by Thomas Catenacci
An index measuring inflation surged at an annual rate of 4.2% last month, reaching its highest level since 1991, according to the Department of Commerce.
The personal consumption expenditures (PCE) index, which measures prices, increased 4.2% in the 12-month period between August 2020 and July 2021, according to a Department of Commerce report published Friday. Excluding volatile food and energy prices, the index spiked 3.6%, the report showed.
The last time consumer prices increased this much in one year was more than three decades ago in January 1991, CNBC reported. The figure reported Friday is in line with what economists expected.
Prices across all sectors increased 0.4% in July alone, while prices excluding the volatile food and energy categories climbed 0.3%, according to the data. Last month, the PCE index increased 0.5% and spiked at an annual rate of 4%.
“As our economy has come roaring back, we’ve seen some price increases. Some folks have raised worries that this could be a sign of persistent inflation,” President Joe Biden said in remarks last month. “But that’s not our view. Our experts believe and the data shows that most of the price increases we’ve seen are — were expected and expected to be temporary.”
Biden, administration officials and the Federal Reserve repeatedly stated that increasing inflation would be a temporary result of the ongoing economic recovery. Federal Reserve Chair Jerome Powell said inflation was “higher and more persistent” than expected, but he added that the rate of price increases would eventually decrease.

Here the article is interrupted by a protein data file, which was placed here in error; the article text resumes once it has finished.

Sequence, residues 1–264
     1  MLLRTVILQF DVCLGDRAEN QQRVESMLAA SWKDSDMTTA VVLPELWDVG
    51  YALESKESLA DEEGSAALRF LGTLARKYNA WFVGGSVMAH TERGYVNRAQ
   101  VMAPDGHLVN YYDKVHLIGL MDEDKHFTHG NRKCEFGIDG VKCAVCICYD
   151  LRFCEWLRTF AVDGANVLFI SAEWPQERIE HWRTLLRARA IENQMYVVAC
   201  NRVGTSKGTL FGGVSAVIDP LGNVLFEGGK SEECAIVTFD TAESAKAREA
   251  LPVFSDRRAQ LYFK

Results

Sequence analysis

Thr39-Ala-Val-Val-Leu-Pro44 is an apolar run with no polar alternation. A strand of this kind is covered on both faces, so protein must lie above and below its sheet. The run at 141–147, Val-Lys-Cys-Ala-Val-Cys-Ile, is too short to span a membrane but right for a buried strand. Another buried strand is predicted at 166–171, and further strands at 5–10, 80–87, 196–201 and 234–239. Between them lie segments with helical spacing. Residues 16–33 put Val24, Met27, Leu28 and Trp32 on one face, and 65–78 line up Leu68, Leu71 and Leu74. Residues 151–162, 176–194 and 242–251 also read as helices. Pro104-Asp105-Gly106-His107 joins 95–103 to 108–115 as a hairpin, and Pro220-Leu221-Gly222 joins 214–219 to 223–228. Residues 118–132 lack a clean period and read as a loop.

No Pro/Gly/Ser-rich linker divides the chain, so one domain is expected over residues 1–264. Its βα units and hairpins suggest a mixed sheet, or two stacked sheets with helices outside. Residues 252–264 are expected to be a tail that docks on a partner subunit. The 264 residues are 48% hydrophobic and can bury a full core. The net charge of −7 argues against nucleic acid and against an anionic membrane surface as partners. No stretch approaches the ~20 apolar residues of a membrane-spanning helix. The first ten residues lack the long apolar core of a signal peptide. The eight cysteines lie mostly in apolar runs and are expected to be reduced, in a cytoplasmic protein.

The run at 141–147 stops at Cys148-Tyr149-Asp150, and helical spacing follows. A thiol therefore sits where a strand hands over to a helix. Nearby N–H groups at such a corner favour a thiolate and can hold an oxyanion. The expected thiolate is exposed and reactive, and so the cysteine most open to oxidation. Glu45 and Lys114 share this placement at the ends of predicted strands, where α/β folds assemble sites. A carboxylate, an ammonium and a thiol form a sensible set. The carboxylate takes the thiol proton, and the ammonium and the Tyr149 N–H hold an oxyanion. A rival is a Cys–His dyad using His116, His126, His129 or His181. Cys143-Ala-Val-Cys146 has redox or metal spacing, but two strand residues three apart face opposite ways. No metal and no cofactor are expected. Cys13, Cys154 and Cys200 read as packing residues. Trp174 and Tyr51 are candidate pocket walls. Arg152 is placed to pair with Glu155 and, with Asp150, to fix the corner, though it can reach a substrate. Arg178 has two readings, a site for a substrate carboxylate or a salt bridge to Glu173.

Some economists and Republicans in Congress blame the Biden administration’s spending policies for the rise in consumer prices. Republican Sen. Rick Scott of Florida, a member of the Senate Budget Committee, has released weekly updates on “Biden’s inflation crisis” for several months.
White House officials push back, explaining that Biden’s policies will have little effect on long-term inflation.
“The infrastructure and Build Back Better plans are designed to be long-term packages that increase the capacity of the economy through investments in physical infrastructure, human capital, clean energy, housing, and health care,” White House economists Jared Bernstein and Ernie Tedeschi wrote in a blog post Monday.
“Such investments, as discussed below, should be expected to have little, if any, effect on inflationary pressures in the short-term and to ease them over the long term,” they continued.
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Thomas Catenacci is a reporter at Daily Caller News Foundation.